Teenager educated by life in Thai jail: Pardoned drug smuggler becomes older and wiser

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The Independent Online
'ONE YEAR in here is like five years,' Patricia Cahill, 20, told the Independent from the Thai prison where she has spent the past three years.

The Lardyow Women's Correctional Institute is hidden away in a northern suburb of Bangkok, not far from the airport where she and Karyn Smith, 22, were arrested in July 1990. She has changed greatly from the distraught teenager in the photographs from three years ago, and now has neat curly hair and a conspicuous silver crucifix round her neck.

Before her arrest she was interested in nightclubs, smart clothes and rich men in Birmingham. After three years in prison, sleeping in a crowded dormitory of 125, rising each day at 6am, and a regime of sewing smocks for no money, her perspective has changed.

To combat the boredom, and the regimented life ('It's a system here, they make you do things when they want you to do them'), she has become a voracious reader. Last month, when she was in the middle of Jane Austen's Mansfield Park, she said: 'I really appreciate literature . . . It is difficult to get good books in here. When the missionaries bring them in we share them around.'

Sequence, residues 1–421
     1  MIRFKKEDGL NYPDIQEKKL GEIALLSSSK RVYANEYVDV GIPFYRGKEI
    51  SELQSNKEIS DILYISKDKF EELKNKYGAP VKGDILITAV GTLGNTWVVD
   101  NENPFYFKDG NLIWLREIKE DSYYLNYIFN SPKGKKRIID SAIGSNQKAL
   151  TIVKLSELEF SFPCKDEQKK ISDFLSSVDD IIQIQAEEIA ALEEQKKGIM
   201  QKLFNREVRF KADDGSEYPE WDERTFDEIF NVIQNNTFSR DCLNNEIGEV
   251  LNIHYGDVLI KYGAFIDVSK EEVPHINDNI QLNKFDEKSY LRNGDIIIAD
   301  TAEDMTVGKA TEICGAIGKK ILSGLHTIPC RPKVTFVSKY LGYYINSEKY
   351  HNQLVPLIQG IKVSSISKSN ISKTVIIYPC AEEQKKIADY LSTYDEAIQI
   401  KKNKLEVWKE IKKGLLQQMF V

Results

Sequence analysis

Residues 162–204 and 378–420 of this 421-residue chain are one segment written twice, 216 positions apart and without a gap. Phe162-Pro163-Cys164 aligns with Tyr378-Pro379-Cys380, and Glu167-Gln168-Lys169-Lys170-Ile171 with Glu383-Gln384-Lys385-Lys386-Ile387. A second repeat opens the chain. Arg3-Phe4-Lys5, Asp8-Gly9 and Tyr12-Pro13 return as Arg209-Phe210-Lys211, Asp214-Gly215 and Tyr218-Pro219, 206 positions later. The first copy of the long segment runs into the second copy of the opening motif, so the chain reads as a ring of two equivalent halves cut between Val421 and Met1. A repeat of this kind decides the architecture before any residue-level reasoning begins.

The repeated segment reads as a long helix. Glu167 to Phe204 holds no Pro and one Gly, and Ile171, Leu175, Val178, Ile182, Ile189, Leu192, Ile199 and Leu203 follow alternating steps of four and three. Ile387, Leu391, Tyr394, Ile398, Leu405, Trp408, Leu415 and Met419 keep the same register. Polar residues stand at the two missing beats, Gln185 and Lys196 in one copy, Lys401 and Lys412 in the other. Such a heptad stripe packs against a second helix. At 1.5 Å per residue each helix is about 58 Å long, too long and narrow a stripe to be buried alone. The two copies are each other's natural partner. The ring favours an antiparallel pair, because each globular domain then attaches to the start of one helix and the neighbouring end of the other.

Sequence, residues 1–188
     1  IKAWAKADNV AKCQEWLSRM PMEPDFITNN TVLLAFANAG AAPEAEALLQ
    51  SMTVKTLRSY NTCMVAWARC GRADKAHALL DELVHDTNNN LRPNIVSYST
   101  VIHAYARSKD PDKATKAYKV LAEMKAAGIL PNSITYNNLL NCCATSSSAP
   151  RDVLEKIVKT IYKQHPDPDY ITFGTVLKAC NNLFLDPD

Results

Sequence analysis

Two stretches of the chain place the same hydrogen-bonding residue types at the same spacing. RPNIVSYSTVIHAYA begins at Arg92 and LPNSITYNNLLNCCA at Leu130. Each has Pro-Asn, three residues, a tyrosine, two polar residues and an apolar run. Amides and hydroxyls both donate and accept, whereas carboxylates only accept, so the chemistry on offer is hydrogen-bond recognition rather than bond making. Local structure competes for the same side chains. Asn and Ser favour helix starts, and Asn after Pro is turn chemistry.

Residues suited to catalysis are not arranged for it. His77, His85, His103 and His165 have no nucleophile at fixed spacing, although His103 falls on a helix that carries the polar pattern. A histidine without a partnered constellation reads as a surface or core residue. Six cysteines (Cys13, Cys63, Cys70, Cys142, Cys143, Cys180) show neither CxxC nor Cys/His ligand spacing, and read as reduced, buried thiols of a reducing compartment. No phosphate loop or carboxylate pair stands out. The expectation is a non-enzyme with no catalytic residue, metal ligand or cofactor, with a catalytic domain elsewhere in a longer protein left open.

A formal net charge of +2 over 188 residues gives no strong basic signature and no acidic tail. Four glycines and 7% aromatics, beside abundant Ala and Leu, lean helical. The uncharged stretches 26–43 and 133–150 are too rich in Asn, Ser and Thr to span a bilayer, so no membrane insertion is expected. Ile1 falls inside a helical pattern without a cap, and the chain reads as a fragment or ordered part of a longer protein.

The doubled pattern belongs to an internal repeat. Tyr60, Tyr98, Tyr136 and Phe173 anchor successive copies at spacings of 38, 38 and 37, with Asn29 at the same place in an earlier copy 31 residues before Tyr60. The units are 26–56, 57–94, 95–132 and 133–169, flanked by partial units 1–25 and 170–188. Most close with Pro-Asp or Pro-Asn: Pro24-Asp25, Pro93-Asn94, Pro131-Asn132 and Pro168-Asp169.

She now speaks fluent Thai, is learning French, and is teaching an older Thai inmate English. She thinks she would like to become a journalist when she returns to England.

Her closest companion among the 1,500 women in the institute is no longer her co-defendant. Wilf Lamb, a family friend who went with her father to visit her, said her closest friend was now an American.

She pays a Thai woman to wash and iron her clothes, and to wait on her. Her last birthday passed unnoticed. 'I tried not to think about it,' she said.

Mr Lamb said: 'She was a girl when she went in there. She's a woman now. She has aged 15 years. She accepted her punishment, and is wiser as a result.

'She was a typical teenage girl, wanting high life, bright lights, flash men and flash cars. She has paid the price.'

How will she adjust to life back in England? She had not dared think about it. 'When my time comes, it comes,' she said philosophically.

Mr Lamb said: 'She is going to find Birmingham very different, it has changed so much.'

(Photographs omitted)